“Borrow less than Labour, cut less than Tories”
“Conservative economic policies, Labour social policies”
“With the backbone of the Tories and the heart of Labour”

Incredibly unoriginal party with shit marketing and zero prospects for the future. Sitting in the middle and cherrypicking policies that you think attracts most people is not a party plan that gets you seats. The Lib Dems are basically shitting in the face of the belief that “elections are won in the centre” because they don’t know how to do it.


#8

In terms of policy, is there honestly that much difference between the New Democrats and Liberals?

They’ve had more power in the last 6 years that Labour have…


#9

That’s the biggest crap I’ve ever heard. The Labour party first won its seats in the 1900 General Election, where the Liberals were the second largest party. After 5 General Elections they were the Second Largest party, defeating the Liberals. Back then you would have said “Oh, only the Liberals or the Conservatives can win”… evidently not.


#10

You’re deluding yourself completely if you think that, unless one of the two parties splits or there’s a voting system change, we’re going to have anything other than a Labour/Conservative PM in the foreseeable future. To succeed in FPTP, you need to build up a homeland - for Labour this is London, industrial areas in the North and it used to be Scotland; for the Conservatives this is often wealthy countryside areas in Central, Eastern and Southern England. It takes decades and decades to build up a homeland of any meaning at all in this system, and the Lib Dems/UKIP are nowhere near doing that. It’s ridiculous to deny that FPTP gives us a de facto two party system - need I remind you that at the last election the Conservatives were awarded a “majority” with less than 37% of the vote, while UKIP got 13% of the vote but only 1 out of 650 seats. Honestly, it’s ridiculous - what’s even more ridiculous is that people pretend this is democracy…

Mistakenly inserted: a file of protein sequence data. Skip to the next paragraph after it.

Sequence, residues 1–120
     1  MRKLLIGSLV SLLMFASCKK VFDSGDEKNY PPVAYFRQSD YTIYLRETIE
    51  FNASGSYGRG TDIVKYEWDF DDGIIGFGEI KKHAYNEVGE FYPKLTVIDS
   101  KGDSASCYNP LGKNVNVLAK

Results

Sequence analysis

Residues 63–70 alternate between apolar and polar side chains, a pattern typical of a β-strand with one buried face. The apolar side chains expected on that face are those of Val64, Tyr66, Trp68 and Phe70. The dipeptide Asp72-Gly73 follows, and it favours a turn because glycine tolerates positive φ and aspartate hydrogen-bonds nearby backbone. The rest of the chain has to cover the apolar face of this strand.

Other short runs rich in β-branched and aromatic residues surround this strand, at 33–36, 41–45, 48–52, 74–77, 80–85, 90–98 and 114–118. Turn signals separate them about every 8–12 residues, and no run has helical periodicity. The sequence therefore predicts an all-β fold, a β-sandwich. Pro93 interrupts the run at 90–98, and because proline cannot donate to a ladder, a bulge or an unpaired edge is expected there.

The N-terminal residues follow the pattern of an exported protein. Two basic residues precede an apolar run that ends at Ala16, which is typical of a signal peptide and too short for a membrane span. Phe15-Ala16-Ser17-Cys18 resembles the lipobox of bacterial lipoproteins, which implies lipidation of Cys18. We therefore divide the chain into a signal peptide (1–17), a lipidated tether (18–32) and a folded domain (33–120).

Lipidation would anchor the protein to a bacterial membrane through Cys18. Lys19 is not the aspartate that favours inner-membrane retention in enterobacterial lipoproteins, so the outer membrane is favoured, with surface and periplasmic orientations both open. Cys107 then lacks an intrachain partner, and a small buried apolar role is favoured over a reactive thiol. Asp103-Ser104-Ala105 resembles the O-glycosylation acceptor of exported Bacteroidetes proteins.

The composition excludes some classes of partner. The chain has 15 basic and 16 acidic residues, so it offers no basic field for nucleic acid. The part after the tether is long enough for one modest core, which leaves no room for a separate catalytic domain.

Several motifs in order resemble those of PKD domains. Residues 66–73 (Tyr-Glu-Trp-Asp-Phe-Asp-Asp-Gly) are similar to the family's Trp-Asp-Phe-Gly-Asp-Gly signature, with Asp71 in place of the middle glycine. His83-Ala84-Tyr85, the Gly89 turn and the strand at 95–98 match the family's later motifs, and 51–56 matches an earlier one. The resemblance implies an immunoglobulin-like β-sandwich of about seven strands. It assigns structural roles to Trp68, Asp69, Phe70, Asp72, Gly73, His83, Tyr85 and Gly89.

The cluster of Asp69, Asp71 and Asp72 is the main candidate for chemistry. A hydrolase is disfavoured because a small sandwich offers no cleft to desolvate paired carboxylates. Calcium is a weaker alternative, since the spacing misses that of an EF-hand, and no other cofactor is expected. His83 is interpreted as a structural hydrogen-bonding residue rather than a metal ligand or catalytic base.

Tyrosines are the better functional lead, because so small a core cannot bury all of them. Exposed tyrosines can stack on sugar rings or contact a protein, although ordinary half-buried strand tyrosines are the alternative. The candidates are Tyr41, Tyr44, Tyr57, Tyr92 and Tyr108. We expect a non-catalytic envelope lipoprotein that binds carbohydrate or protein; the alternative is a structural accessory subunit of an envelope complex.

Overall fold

#11

You said it was “impossible” for any other party to be elected, which isn’t true. I was simply trying to dispute your original post. I’m not denying we don’t have a “de facto” two party state. Who knows, however, if Jeremy stays on and the Labour party doesn’t split/or does, we could see a massive Liberal/UKIP surge.

But it is democracy. Let’s be honest. You aren’t forced to vote for anything, but people think they have to vote Conservative or Labour. It’s down to the parties to prove that wrong and build up support, not for the government to step in and give them a hand.


#12

Perhaps it’s theoretically possible, but it’s not going to happen…

Even if we do, it’d take one hell of a surge for them to have a significant effect on the House of Commons (UKIP in particular).

It honestly isn’t democracy. It’s a system where getting less than 37% of the vote earns you a majority, and where 13% of the electorate can just be ignored. It’s a system where literally millions of people have no democratic power at all. I live in probably the most Conservative constituency in the country, and thus every single person on my street has no electoral power or relevance whatsoever.

“Democracy” means every member of the country has the ability to cast a vote, and that each vote has equal power. FPTP most definitely isn’t democratic by that definition.